July 1996 Issue 20
The Research and Conservation of Art Centre
The buildings of the V&A, started in the 1860s and completed in 1909, extend across the entire 5.5 hectare site. Nearly all the buildings were designed for the display of objects - only the small secretariat block on the eastern edge gave the Museum purpose built offices. However, a modern museum needs other facilities in addition to offices. We require workshops, studios for conservation and photography, and laboratories to service the collections and provide for the public. Over the years these facilities were provided by taking gallery space for curator's offices and tucking conservation studios here and there in 16 separate locations across the site. In 1987 Michael Hopkins & Partners produced a Masterplan for the use of the building. To increase efficiency they proposed that staff should be grouped more closely together - towards the back of the building.
The opportunity to rationalise staff working spaces came with the removal of the Royal College of Art's Painting Schools to their new building on Queens Gate in 1991. A space audit was carried out which demonstrated that the old painting schools would indeed provide excellent working space; in particular, it would act as the focus for bringing together all staff working on the collections - curators, conservators, photographers, scientists, technicians, and provide a home for the newly created Research Department.
Plans for the RCA development were drawn up and an option appraisal undertaken. The rationale for the new building was to provide excellent facilities for the examination, study and conservation of objects. Better, more streamlined methods of treatment would allow us to increase the throughput of objects through conservation and mounting, thereby improving the overall welfare of the collection. By grouping the operational areas together we intended to avoid overhandling objects and thus reduce the risk of damage. The appraisal showed the best option, that provided most space, was a £22 million scheme. This, however, was rejected by the Office of Arts and Libraries. A reduced scheme, giving the best value for money and allowing us to keep some double height spaces, was agreed by the Minister for Art, Tim Renton. The OAL allocated an additional £5 million towards the £14 million cost of this scheme.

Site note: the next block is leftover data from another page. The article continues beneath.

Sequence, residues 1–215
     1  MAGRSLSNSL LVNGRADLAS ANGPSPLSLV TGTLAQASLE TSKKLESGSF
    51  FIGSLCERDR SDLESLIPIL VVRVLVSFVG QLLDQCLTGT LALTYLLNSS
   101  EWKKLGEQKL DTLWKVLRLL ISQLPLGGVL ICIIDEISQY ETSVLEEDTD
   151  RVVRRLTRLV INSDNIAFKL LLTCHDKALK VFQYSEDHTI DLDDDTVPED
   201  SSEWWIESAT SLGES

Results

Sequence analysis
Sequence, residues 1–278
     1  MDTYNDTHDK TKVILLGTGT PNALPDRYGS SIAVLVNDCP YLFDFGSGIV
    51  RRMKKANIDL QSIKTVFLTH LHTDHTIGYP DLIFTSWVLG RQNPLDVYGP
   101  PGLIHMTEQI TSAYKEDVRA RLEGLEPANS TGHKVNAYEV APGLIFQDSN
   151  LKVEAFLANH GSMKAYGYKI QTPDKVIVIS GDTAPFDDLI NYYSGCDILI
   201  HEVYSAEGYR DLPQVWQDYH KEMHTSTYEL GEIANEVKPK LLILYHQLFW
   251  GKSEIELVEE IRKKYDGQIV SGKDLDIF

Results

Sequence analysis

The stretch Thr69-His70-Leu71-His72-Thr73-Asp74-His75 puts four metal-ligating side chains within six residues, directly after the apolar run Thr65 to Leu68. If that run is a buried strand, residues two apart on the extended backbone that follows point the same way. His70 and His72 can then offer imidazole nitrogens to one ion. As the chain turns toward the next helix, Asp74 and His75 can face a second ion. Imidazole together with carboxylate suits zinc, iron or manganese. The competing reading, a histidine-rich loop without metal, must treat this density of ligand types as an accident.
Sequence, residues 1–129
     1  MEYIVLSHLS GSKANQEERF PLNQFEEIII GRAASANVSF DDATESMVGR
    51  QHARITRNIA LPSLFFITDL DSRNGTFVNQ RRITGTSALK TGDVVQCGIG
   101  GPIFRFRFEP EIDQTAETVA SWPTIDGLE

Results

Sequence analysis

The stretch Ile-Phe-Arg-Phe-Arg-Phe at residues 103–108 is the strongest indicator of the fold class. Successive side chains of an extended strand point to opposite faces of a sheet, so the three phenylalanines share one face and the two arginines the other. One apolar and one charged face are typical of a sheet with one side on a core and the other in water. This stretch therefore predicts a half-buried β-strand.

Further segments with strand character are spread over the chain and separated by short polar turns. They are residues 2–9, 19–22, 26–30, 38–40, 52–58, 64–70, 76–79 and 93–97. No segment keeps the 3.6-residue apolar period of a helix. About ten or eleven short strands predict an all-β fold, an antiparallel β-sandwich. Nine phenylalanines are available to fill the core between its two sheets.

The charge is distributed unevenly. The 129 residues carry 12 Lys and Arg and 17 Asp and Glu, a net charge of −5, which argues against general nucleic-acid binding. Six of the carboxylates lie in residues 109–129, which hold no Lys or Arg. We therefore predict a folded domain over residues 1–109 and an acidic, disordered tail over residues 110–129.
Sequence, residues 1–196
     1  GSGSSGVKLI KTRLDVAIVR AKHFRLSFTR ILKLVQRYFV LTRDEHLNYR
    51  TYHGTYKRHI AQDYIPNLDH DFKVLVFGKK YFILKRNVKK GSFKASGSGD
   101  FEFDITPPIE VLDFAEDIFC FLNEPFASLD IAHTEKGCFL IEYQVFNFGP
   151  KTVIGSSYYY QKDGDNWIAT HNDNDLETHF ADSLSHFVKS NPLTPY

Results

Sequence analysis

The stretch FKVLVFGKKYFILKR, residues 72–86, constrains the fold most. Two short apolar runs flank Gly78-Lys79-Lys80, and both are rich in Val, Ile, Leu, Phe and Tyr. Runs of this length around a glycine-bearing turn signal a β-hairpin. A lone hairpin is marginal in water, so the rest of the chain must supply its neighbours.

The benefit of the scheme was that it used the RCA as the centre for activities connecting existing spaces to the west and east, not as a 'stand alone' development. This will become apparent once Phase II (the West and South Wing) and Phase III (the East Wing) are completed. The RCA will provide much needed horizontal and vertical routes through the building. The North Wing is served by a goods lift which will benefit the Henry Cole Wing and East Wing. The South Wing will provide a much needed passenger lift to the Lecture Theatre and Seminar Rooms.
The design of the spaces has been a challenging task. The original scheme and rationale was developed by Norman Ullathorne of David Leon and Partners. The detailed design and execution was carried out by Peter Lyon of Austin- Smith:Lord. We were determined that the spaces should provide a calm and elegant environment in which people could work happily. A key component of the scheme will be the new staff common room on the ground floor of the West Wing. A major work of art has been commissioned from Wendy Ramshaw. This will be a screen which will include all the different types of material within the Collections, and will stand at the entrance to the common room helping to provide an appropriate atmosphere for an informal meeting place for all members of staff.